Self-Discovery, June 2014
From the Publisher - June 2014
“Solitude is pleasant. Loneliness is not.”
- Anna Neagle
I have lost 61 pounds. For 22 months I did it alone. I walked alone, I often ate alone, I went to the gym alone and I liked it. Walking this journey alone allowed me freedom to not have to count on anyone but myself. It eliminated excuses based on others. I had no one calling and telling me they couldn’t walk today or to go on to the gym without them. Taking the time to accomplish this alone actually made me stronger in the process and a much more independent, confident person overall.
I wouldn’t take back those 22 months for anything. I discovered myself in that alone time. It was time I had never had. When I went to Amelia Island for a week in the winter of 2013, I had never been alone for a week in my whole life. It took me 47 years to get up the courage to go it alone. I learned it’s not easy. There comes a time when there’s nothing left to do except sit and ponder whether you even like yourself. We are a country worried sick about sustainable resources, but my question is can we sustain ourselves emotionally? I think this is why we are inundated with busyness. Possibly, the fear of who we really are when we slow down enough to notice is a scary thought. Perhaps not. Either way, it’s worth a gander.
What did I learn in those seven days of loneliness?
1) I learned I enjoyed not having to decide what others were going to eat. This was probably the biggest relief of the week. I ate when and what I wanted, with no one complaining or being disappointed.
2) I learned I’m neater when I’m alone. I guess since it was just me, everything seemed simple to keep up with.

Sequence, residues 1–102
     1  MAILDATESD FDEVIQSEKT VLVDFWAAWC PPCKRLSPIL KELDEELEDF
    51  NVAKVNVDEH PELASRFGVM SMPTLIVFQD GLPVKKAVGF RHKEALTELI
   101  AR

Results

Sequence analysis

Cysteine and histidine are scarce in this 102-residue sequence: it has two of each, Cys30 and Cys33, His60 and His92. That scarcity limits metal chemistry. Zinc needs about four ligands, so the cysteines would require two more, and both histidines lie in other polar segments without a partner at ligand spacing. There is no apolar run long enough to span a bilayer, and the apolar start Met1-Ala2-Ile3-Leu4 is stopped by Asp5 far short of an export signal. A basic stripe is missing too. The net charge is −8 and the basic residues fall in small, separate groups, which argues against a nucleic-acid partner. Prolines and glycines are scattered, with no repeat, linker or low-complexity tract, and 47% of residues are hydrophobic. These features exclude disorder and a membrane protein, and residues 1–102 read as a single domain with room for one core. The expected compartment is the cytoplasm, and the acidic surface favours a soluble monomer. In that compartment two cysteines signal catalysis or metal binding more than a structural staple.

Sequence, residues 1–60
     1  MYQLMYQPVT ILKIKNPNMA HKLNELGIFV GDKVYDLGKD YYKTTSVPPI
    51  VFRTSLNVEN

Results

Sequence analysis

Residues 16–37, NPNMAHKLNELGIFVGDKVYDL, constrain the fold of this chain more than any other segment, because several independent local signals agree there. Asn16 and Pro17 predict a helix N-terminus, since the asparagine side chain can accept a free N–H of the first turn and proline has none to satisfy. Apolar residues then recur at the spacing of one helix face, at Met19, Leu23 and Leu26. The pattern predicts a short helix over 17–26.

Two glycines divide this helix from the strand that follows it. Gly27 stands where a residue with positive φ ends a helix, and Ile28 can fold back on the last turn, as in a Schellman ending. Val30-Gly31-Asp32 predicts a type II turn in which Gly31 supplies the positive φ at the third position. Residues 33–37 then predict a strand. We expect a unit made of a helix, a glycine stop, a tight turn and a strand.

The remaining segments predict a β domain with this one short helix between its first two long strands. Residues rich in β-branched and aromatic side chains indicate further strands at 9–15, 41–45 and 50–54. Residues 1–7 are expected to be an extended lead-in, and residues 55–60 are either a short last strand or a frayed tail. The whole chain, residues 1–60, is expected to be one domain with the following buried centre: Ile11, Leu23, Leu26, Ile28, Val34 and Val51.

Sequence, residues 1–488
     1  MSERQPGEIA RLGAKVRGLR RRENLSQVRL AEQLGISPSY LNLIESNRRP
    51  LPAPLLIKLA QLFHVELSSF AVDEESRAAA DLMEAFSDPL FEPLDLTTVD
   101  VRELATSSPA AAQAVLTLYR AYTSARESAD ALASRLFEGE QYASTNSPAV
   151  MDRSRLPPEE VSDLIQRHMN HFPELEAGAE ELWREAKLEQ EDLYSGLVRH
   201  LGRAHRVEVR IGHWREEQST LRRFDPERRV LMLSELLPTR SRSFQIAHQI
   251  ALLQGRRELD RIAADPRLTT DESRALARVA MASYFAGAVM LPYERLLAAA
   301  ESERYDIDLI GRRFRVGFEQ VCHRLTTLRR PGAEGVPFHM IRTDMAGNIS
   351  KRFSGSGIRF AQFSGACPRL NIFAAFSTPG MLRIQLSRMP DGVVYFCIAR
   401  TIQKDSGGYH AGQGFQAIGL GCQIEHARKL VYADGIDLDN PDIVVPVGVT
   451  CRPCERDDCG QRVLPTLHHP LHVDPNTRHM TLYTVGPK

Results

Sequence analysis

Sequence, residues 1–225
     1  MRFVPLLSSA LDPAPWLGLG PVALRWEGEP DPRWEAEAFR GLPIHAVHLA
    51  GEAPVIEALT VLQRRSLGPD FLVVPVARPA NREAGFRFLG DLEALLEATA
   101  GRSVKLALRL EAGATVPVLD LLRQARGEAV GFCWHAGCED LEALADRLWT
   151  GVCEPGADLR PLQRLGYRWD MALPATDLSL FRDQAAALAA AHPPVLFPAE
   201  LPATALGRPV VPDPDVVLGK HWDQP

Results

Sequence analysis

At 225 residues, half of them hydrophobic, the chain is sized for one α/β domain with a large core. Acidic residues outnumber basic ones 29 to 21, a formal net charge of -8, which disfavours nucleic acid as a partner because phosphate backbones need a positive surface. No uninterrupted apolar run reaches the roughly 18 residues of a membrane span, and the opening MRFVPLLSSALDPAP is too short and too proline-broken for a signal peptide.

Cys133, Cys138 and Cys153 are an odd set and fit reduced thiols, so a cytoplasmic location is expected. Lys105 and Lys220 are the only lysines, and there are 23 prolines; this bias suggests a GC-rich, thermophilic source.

3) I learned I like being around people. One of my favorite things to do is laugh. My children and I are always joking around and cutting up and I really missed that. It was uncomfortably quiet (I don’t watch television).
4) I learned I not only needed, but also deserved, time alone. We come into the world alone and leave it alone, and we owe it to ourselves to stay in touch with our soul in between. This requires time alone.
Have you ever seen the movie Castaway? It’s the one where Tom Hanks is stranded on a deserted island after he is the sole survivor of a Federal Express plane crash. He befriends a Wilson volleyball, he aptly calls Wilson. As the movie progresses Wilson becomes more and more important to Hanks. The volleyball is his sounding board, his comrade, his protector and actually the only thing maintaining sanity from insanity. He talks regularly with Wilson and argues with him, too. Hanks becomes attached and dependent upon Wilson. It’s amazing to see how much a human truly needs the support from others, something, anything…even a ball.
So, after 22 months of basically going it alone, I have enlisted a workout partner. She is my Wilson. I thought I didn’t need her—or anyone. Ends up I do. In late April, I began a workout more challenging than anything I have ever done. I have a trainer twice a week, but the other four or five days, I am on my on to complete the workout. I didn’t ask Tracy to join me for any other reason than I knew she had hit a plateau, just like me. I merely invited her to come to one of my personal training sessions to see if she liked it. From that, we made a commitment—to the workout and to each other.
There is no way I could do these workouts without her. When I think I have run as far as I can, she pushes me to go further. It’s interesting how some exercises are easier for her and others are easier for me. We motivate each other to conquer pain and exhaustion and to get through shaking, failing muscles. As I write, I can hear her voice, “Come on Liz. You got this. You can do it. Just a little more.” And, when she says things like that, I do give a little more. We both have given more than we ever thought two previous fat girls could give. She’s lost more than 65 pounds since she started her journey last fall. I’m so proud of her.
For every time there is a season. There is something to be said for both going it alone and partnering up. The bottom line is doing what is right for you, when it’s right for you. Don’t let anything hold you back from succeeding in whatever you want right now. Alone, together or with an entire team, be strong, stubborn and determined. My trainer says my stubbornness serves me well. Tracy is stubborn, too. That’s why we’ve got this. One of our featured men (yes, a man) this month said, “Starting is much harder than finishing.” There are no truer words than that, thus the most famous advertising slogan in history…Just do it! I know you can. You’ve got this, girl!
Elizabeth Skenes Millen